Actual deregulation began in 1982 under President Reagan. Regional ‘Savings & Loans’ building societies were freed from government regulations, and for the first time banks were permitted to set variable interest rates. The process gained real momentum during Bill Clinton’s presidency. He “further deregulated the US banking sector. In 1994 he lifted the restriction on regional expansion for American banks. Five years later, the legal separation of retail and investment banking, introduced after the Great Depression of the 1930s, was done away with. In 2004 under President George W. Bush, the SEC removed funding limits for investment banks, meaning they could operate solely on credit”, reported Handelsblatt. Der Spiegel enumerates the fatal consequen­ces: “Worldwide, more than 8,000 funds manage around $1.7 trillion. In 1990 the figures were only 600 funds and $40 billion”. Within only 21 years, the number of funds had increased by a factor of 13, and the amount of money they handled by a factor of 42.5. The biggest corporate raiders, i.e. the hedge funds, “handle up to $70 billion of capital”, reports Der Spiegel. “It’s true that most of the funds have significantly smaller capital assets, of perhaps one or two billion dollars, yet they wield a disproportionately large influence. These hedge funds use leverage: they don’t just invest their own money, but take on huge, cheap loans that they speculate with. That’s how they multiply their stake”. And these loans, according to Der Spiegel, “come mostly from the big banks: just a dozen institutions are the creditors and trading partners of almost all the world’s hedge funds”.

Boldly, the news magazine names “always the same big banks […] above all JP Morgan Chase, Goldman Sachs, UBS, HSBC, BNP Paribas, Bank of America, and Deutsche Bank” and concludes: “Those who are looking for the answer to the question ‘who rules the money?’ will find it here”. And since, even according to Der Spiegel, money rules the world, then these financial juggernauts too must take their place at the council of the world’s rulers—first and foremost among them the Wall Street bank Goldman Sachs.

Three Hundred Power Brokers

And that is indeed the truth. Yet these banks aren’t there in isolation, and it raises the question: are there other powers at work, above and beyond the big banks, drawing up the big plans? Are the bankers ‘employees’ just as much as the politicians? A former intelligence officer in MI6, the British foreign intelligence service, has attempted to answer these questions. Since the early 1960s he has been deeply involved in research, with access to sources that would be out of reach for most writers (some of whom have reached a certain level of fame, e.g. David Icke or Jimm Marrs). More often than not, they make use of his material. In the meantime, John Coleman (76) has written twelve books on the subject and, for him, one thing is clear: there is a group of about 300 people who control the world’s destiny, steering it in their chosen direction. He calls these global players ‘The Committee of 300’. Bill Clinton, mentioned above, is one of them, just as his predecessor and successor, the George Bushes senior and junior. So too the heads of the big banks named by Der Spiegel. And, of course, the two ‘Super Marios’—Monti and Draghi.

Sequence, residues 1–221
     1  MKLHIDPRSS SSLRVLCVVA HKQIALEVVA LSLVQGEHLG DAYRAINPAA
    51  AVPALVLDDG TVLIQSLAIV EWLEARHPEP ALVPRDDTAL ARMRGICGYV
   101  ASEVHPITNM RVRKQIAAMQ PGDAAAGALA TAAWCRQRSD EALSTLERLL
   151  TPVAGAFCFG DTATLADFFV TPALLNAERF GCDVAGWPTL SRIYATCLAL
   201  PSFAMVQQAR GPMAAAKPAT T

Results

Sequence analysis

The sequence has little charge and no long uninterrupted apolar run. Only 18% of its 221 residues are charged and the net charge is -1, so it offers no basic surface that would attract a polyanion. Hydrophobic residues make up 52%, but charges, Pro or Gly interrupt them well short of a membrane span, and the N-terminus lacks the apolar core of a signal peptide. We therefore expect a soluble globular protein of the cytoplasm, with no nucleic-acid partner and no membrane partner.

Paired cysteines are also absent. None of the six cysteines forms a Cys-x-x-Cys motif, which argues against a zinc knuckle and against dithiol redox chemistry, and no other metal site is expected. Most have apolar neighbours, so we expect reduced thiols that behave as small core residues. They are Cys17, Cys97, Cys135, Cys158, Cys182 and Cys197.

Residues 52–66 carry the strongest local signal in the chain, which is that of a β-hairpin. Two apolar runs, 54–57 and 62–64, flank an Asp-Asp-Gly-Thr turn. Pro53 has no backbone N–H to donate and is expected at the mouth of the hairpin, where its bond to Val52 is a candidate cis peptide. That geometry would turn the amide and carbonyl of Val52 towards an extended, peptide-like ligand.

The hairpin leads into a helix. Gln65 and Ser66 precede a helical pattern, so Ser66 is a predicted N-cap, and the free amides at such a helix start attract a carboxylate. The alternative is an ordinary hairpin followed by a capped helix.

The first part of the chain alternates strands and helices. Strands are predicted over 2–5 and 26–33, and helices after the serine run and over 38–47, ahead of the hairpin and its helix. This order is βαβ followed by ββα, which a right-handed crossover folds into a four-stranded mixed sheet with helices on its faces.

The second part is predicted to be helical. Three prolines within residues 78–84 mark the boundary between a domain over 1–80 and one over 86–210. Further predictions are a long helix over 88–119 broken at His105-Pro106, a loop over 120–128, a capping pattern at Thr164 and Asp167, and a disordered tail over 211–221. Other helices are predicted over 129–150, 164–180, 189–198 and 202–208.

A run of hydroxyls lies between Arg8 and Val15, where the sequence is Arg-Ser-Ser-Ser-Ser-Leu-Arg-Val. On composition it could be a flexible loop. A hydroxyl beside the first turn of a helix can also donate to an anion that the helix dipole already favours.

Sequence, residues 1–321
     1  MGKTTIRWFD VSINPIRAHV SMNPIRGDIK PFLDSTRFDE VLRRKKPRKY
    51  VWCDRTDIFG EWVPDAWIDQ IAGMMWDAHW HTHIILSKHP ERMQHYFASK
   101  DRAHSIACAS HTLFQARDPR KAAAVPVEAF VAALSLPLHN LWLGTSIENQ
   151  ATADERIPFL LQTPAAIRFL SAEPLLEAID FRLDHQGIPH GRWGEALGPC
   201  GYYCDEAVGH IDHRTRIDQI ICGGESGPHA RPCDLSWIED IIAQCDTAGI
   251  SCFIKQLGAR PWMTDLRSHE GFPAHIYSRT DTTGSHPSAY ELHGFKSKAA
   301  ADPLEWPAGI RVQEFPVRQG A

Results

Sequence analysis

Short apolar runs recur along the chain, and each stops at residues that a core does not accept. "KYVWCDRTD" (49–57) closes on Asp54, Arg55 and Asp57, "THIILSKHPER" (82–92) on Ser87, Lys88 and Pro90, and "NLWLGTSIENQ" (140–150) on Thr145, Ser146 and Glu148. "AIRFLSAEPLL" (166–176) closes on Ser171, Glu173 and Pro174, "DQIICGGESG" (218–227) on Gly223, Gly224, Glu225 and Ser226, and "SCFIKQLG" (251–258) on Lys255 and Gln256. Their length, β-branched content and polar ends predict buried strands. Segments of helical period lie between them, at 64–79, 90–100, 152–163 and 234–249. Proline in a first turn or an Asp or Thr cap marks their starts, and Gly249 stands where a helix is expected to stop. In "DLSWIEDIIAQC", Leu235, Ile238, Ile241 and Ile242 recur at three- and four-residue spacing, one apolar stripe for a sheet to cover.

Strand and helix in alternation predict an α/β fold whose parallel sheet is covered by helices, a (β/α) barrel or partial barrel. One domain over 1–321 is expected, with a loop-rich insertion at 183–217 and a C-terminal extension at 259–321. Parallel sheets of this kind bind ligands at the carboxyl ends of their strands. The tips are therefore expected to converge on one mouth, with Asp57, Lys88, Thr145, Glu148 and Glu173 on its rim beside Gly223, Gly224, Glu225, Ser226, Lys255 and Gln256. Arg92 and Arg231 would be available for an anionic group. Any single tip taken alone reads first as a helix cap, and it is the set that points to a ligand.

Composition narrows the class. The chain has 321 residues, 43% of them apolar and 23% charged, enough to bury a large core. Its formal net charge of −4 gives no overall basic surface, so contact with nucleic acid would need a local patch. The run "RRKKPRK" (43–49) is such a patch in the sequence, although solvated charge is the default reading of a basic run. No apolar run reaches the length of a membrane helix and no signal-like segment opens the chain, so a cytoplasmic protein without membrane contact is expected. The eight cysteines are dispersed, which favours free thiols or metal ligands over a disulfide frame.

The expression ‘Committee of 300’ goes back to the German politician Walter Rathe­­nau (1870-1922), the Weimar Republic’s Foreign Minister in the early 1920s. He supposedly said: “There is a Committee of 300 men whose identity is known only to each other who rule the world”. In the Viennese Neue Freie Presse he wrote, “Three hundred men, all of whom know one another, direct the economic destiny of Europe and choose their successors from among themselves. The strange origins of these strange phenomena, which shine a glimmer of light into the darkness of future social developments, are beyond the scope of this article”.1 He was more precise in a letter to the poet Frank Wedekind: “The real ‘300’ are prudent and ac­customed to denying their power. If you were to call them, they would say that they know nothing, that they are businessmen like any other. And then not 300, but 3,000 Councillors of Commerce, who produce stockings or margarine, would announce themselves and say ‘We are the 300’. Power lies in anonymity. I know one of the better-known ones—not always the most powerful—someone who is almost never seen, other than by his barber. I know one you might almost consider poor, yet he controls powerful businesses. I know one, perhaps the richest, and whose fortune belongs to his children, who he hates. You could call many of them insane. One manages the Jesuits’ assets; another works for the Roman Curia [the Vatican’s administrative body, Ed.]. One, the representative of a foreign consortium, is in possession of 280 million in bonds and hence the biggest creditor of the Prussian state. It is all confidential. So you see, it’s almost impossible to get hold of these men in the normal way”.2